The PPP's campaign was led by Amin Fahim, accompanied by notable leftist activists such as Taj Haider, Aitzaz Ahsan, Raza Rabbani, and Yousaf Gillani.[38] The PPP ran two different political programmes during the election campaign: "Massawat" (lit. Egalitarianism) and "People's Employment Programme" for the youth voters, and also its vintage "Roti Kapda Aur Makaan (lit. Bread, Cloth, House) slogan.[39] The PPP highlighted its implementation of the nationalization and welfare programs that were launched in 2008.[39] In addition, the PPP greatly supported awareness of industrial and labor rights, importance of higher education in the country, promotion of social economics, a foreign policy of building relations with Russia and Eastern Europe, counterterrorism legislation, efforts to reduce gas shortages in the country.[40][41] Generally, the PPP's main focused was on gathering its support from Sindh.[2] In a critical editorial in the English-language newspaper, The Nation, the PPP neglected to highlight the prevailing issue of energy conservation to reduce the repeated cycle of loadshedding in the country.[41]

Soon after the PM’s last address on 16 March 2013, TV carried live broadcasts from the streets of Lahore and Karachi, where the public mood was one of anger over corruption, the bad economy, and faulty public services. The reaction of political analysts was mixed, with many holding massive corruption and nepotism as the reasons for the government's perceived failures. Even in his televised address, while trumpeting the occasion, PM Raja P Ashraf quietly conceded that his government had also been a source of disappointment for many. Public resentment had been fed by an endless list of problems: enduring power shortages [up to 18 hours a day at the peak of summer]; the failure to curb terrorist attacks, protect religious minorities and formulate a coherent anti-terrorism strategy; slow and weak response to the floods; sluggish economic growth, a bloated public sector, cresting inflation; and tales of legendary corruption, carving out private fortunes from a treasury to which they scandalously paid little in tax. Many Pakistanis, particularly among the urban middle classes, were looking to the next elections with relief.[42]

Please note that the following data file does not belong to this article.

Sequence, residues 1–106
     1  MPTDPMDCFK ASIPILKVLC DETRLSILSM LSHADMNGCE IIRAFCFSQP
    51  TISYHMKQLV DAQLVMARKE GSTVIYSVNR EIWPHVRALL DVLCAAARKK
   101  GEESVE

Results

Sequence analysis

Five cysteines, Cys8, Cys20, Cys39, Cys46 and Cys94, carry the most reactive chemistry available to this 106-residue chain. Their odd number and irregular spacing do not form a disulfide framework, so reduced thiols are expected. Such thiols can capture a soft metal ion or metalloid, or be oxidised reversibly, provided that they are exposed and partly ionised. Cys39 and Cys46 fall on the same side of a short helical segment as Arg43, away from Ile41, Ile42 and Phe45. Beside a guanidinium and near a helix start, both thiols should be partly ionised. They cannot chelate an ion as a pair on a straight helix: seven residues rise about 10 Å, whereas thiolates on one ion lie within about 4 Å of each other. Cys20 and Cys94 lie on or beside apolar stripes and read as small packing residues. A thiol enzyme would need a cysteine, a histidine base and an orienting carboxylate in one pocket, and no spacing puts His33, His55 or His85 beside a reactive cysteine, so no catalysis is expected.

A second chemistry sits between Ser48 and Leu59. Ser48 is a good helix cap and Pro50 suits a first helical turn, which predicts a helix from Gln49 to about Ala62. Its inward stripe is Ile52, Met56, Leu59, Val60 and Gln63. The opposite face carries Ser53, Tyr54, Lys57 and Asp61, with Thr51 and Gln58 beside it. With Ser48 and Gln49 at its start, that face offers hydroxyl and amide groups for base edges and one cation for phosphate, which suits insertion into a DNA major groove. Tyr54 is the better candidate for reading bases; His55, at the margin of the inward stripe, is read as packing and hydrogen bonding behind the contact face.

In Karachi and other parts of the country, the PPP also maintained a New Left alliance with the ANP, MQM, and Communist Party against the conservative parties in Sindh.[43]

Pakistan Muslim League[edit]

Main articles: New Right, Centre-right, and Conservatism in Pakistan

The Pakistan Muslim League, a centre-right conservative party, began its campaign on terminating the energy conservation crises, and also the issues involving the national security, economic development, higher education, immigration, and taxation reforms.[44] The campaign was led by Nawaz Sharif, who emphasis the success of the privatisation to alleviate youth employment and small businesses, introducing policies for the environmental preservation, building motorways, counterterrorism legislation, economic liberalisation, improvement of the public transportation in all over the country, and then the decision of authorising the nuclear-testing programme in 1998.[45] Over several days, Sharif delivered speeches and visited in all over the country for the support, promising that: "Just like the nuclear blasts, conducted in our last tenure, made us an atomic power, an economic explosion in our next term will turn the country into a commercial powerhouse."[46][47] Furthermore, the PML(N) indicated to bring a balance on civil-military relations with the military, through opening a source of political channel to resolve issues.[48]